Fairfax County Police Review Panel Disputes Findings in Racial Profiling Investigation

A review panel charged with providing community oversight of local law enforcement has challenged the results of an investigation by the Fairfax County Police Department for the first time since it was formed in 2016.

The Fairfax County Civilian Review Panel delivered a report in October that disputed the FCPD’s findings that racial bias did not play a role in an interaction between a Reston District Station police officer and an African American man that took place in Herndon in 2019.

Because six of the nine-member panel disagree with the outcome of the police investigation, the Fairfax County Board of Supervisors directed the police department to address the panel’s requests for the next steps. The matter was discussed at a board meeting on Tuesday.

The panel received a complaint of racial profiling in May 2019 from a man who said he felt that he had been targeted by a Fairfax County police officer and suspected of trespassing “for no reason at all.”

According to the investigation file, the officer began following the man’s car when he turned at a red light in Herndon and stared at the officer. When he ran the car’s license plate and it matched with a woman in Virginia Beach — what he knew to be “a source city for illegal substances” in Fairfax County — his suspicions grew and he followed the man into his apartment complex in Herndon.

The officer approached the man and asked him for his identification, where he lived, and other identifying information. In the complaint submitted to the county, the man said he was shaken by the encounter, which he recorded on his cell phone, and was “extremely frightened and nervous.”

According to the report, the officer stayed in the parking lot for a few more minutes after he verified the man’s identity and ran the license plate again.

The man, whose name was not released, said he felt the incident was racially motivated because the officer believed he did not live in the apartment complex and stood in a manner that hindered his ability to get out of his car. No force was used in the incident.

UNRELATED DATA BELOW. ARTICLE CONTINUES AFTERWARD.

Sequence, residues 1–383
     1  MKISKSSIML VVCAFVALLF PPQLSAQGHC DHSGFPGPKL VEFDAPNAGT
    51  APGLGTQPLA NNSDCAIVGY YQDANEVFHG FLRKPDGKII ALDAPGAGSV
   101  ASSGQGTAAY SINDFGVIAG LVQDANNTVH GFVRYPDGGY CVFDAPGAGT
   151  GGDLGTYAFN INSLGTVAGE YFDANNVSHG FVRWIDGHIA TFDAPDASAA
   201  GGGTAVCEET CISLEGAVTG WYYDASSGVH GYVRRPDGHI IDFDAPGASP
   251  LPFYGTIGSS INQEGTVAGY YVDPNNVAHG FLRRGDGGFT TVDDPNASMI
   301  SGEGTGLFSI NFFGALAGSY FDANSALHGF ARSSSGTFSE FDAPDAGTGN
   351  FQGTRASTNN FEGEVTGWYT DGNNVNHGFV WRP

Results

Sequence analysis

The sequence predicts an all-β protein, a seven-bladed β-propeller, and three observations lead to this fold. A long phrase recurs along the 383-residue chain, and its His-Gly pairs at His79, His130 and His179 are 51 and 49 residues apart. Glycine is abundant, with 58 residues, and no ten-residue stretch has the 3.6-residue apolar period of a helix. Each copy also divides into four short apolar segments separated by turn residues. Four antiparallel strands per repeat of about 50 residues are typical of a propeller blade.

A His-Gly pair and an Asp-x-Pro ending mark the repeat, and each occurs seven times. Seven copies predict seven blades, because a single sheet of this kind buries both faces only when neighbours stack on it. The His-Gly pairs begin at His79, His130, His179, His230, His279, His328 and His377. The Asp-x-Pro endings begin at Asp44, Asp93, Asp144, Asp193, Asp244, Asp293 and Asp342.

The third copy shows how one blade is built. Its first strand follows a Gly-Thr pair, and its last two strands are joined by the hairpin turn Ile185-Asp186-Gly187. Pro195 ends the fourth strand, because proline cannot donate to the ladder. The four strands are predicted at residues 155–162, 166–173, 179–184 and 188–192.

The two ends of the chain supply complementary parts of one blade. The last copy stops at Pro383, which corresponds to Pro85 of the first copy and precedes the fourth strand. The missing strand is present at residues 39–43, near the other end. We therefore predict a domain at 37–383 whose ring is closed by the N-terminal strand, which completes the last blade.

In official comments to the panel, Fairfax County Police Chief Edwin Roessler said that while the officer exhibited a series of “poor, cascading assumptions and judgments that were wrongly based on his training,” there is no evidence that race was a factor in the incident.

He acknowledged that FCPD said the encounter indicates that there are some elements that need to be “train[ed]-away.”

“We can’t just keep going to proactive patrol training,” Roessler told the civilian panel during the course of its investigation. “I pray that you are understanding that, as your chief, I don’t want this to happen to anyone else.”

However, the panel determined that FCPD’s internal review did not thoroughly investigate allegations of racial bias and racial profiling. The panel also concurred with the chief that the officer was not professional.

“The investigative record was virtually silent as to why the officer decided to follow the complainant in the first place and panel members questioned whether a similarly situated white driver would ever have been followed in such a manner,” the panel report said.

But when the panel did not receive additional information about the investigation last year, the panel voted to advise the county board that the investigation was incomplete and needed follow-up interviews with the officer’s coworkers and deeper data analysis.

The panel also found that FCPD lacks objective criteria to evaluate racial bias or profiling incidents. It encouraged the police department to include all community contacts, stops, searches, and arrests into a data management system. Other recommendations are listed below.

Data analysis of an officer’s community contacts, stops, searches and arrests should  be compared and contrasted with comparable data from the district station where the incident occurred and the county as a whole. The data analysis should also take  into account the racial and ethnic composition of each district as compared to the county overall. 

For the purposes of investigations into allegations of bias or profiling, data analysis  of the officer’s community contacts, stops, searches and arrests should cover a  period of 3-5 years, or if the officer has less tenure, for the duration of his service in  the FCPD. If during the prescribed time period the officer has worked in different  districts within the county, the review and analysis of the officer’s community  contacts, stops, searches and arrests should not be limited to the district where the  officer is assigned at the moment, but rather should include all such encounters in  every county district where the officer served during the time period. 

Like the efforts the FCPD has undertaken to analyze and identify use of force  incidents, the FCPD should consider creating an early warning system to alert  commanders as to whether an officer’s community contacts, stops, searches or  arrests are excessive and disproportionate for a particular race or ethnic group. 

The FCPD should retain an independent expert on implicit bias to examine all law  enforcement policies, practices and training for the purpose of recommending  evidence-based strategies to mitigate the impact of implicit bias on policing.  

Officers should receive implicit bias training on an annual basis. 

The county’s board of supervisors voted to direct Roessler to take further action on the panel’s requests.

The Civilian Review Panel reviews FCPD investigations containing allegations of abuse of authority or serious misconduct to ensure accuracy, completeness, thoroughness, objectivity, and impartiality, according to the county’s website.

Photo via FCPD

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